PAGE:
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Massage and postexercise recovery: the science is emerging
  1. Thomas M Best1,2,
  2. Scott K Crawford1,2
  1. 1 University of Miami UHealth Sports Medicine, Miami, FL, USA
  2. 2 Nebraska Athletic Performance Lab, University of Nebraska-Lincoln, Lincoln, NE, USA
  1. Correspondence to Professor Scott K Crawford, Nebraska Athletic Performance Lab, University of Nebraska-Lincoln, Lincoln, NE, 68588, USA; crawford.606{at}

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Athletes use a variety of postexercise recovery techniques with the belief that they are effective at enhancing return to competition and training. Common modalities include massage, cold water immersion, compression, electrical stimulation, vibration therapy and a combination of one or more of these strategies. Other approaches include diet and hydration protocols, active recovery and sleep. Despite their popularity, the evidence for the effectiveness of most of these modalities is rather limited, although recent efforts are advancing their science which should help in the recommendation of optimal indications and protocols.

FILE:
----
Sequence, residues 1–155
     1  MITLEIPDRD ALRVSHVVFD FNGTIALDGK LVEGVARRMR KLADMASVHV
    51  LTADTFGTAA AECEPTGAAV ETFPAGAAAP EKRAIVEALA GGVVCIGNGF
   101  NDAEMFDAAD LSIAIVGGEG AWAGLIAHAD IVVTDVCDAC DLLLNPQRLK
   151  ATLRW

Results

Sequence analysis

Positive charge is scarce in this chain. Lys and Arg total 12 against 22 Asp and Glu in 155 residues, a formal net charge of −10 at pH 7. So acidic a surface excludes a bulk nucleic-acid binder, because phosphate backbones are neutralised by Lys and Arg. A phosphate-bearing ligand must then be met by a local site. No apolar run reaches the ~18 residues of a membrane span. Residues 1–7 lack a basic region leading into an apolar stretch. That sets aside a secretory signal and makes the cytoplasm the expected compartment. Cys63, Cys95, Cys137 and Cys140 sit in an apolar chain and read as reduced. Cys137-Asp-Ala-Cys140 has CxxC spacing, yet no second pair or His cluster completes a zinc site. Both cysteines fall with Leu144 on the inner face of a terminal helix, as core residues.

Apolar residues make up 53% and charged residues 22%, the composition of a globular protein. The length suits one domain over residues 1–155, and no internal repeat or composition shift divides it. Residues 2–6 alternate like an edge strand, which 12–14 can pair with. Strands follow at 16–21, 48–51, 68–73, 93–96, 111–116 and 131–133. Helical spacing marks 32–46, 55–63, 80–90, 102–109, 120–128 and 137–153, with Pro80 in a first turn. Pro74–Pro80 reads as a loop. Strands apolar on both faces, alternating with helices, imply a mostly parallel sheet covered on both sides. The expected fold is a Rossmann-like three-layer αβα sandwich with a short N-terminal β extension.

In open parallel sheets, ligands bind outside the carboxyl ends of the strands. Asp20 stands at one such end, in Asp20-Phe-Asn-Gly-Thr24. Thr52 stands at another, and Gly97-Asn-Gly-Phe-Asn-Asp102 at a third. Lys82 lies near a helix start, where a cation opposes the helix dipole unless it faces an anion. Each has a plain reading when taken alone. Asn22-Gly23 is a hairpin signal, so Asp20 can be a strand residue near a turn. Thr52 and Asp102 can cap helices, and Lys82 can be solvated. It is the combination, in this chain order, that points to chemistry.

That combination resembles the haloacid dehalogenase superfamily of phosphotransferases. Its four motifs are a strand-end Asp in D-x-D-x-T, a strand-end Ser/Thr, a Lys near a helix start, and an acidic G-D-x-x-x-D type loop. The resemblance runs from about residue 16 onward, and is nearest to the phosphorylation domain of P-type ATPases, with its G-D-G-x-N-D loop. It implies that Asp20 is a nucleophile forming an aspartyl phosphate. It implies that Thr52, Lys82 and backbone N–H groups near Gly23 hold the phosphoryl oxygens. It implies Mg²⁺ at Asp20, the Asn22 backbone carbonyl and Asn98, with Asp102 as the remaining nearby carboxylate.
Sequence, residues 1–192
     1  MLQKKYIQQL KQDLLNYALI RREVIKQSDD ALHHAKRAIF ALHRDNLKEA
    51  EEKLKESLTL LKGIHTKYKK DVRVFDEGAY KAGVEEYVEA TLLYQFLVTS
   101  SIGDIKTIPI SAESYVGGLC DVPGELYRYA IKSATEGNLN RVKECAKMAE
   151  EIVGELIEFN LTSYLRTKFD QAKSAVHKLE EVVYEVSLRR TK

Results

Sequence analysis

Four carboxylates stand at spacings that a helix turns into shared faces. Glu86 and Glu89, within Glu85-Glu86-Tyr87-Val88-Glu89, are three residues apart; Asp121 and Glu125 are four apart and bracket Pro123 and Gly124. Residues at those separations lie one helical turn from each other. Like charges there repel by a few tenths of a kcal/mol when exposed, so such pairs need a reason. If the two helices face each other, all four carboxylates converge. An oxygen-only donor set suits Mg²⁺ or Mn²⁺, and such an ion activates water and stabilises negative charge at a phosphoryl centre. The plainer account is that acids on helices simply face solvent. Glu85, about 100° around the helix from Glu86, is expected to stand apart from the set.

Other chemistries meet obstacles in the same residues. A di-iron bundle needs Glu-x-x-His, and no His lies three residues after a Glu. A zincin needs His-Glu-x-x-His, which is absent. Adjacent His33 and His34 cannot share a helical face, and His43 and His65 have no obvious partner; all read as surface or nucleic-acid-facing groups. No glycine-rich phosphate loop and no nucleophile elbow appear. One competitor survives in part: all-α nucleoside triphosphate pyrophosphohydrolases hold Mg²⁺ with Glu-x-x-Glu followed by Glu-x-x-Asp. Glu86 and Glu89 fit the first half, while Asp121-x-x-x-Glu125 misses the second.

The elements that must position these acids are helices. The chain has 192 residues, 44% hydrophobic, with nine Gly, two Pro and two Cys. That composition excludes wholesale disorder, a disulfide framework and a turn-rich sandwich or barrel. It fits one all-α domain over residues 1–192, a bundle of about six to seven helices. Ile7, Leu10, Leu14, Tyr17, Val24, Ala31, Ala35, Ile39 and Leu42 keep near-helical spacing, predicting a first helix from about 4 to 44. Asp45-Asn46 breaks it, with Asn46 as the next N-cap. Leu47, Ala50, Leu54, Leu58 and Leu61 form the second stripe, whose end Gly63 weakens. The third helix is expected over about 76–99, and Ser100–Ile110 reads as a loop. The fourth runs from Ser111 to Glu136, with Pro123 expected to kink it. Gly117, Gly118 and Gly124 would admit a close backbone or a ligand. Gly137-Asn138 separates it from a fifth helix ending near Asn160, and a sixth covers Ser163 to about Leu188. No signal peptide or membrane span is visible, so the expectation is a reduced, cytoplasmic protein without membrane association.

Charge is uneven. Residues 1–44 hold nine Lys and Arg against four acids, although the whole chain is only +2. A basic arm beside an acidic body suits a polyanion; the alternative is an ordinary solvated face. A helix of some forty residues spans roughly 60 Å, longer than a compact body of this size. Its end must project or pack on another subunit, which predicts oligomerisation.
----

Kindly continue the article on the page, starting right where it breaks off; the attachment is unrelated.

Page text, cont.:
The scientific literature on postexercise massage has accelerated in the last decade. A number of clinical and animal studies have addressed biological plausibility. Clinical studies have investigated the long-held claims that massage mediates leucocyte migration and attenuates the inflammatory response to exercise,1 as well as decreases pain, muscle tone and hyperactivity.2 These reports suggest that massage mediates molecular processes linked to inflammation, specifically by …

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  • Competing interests None declared.

  • Provenance and peer review Not commissioned; externally peer reviewed.

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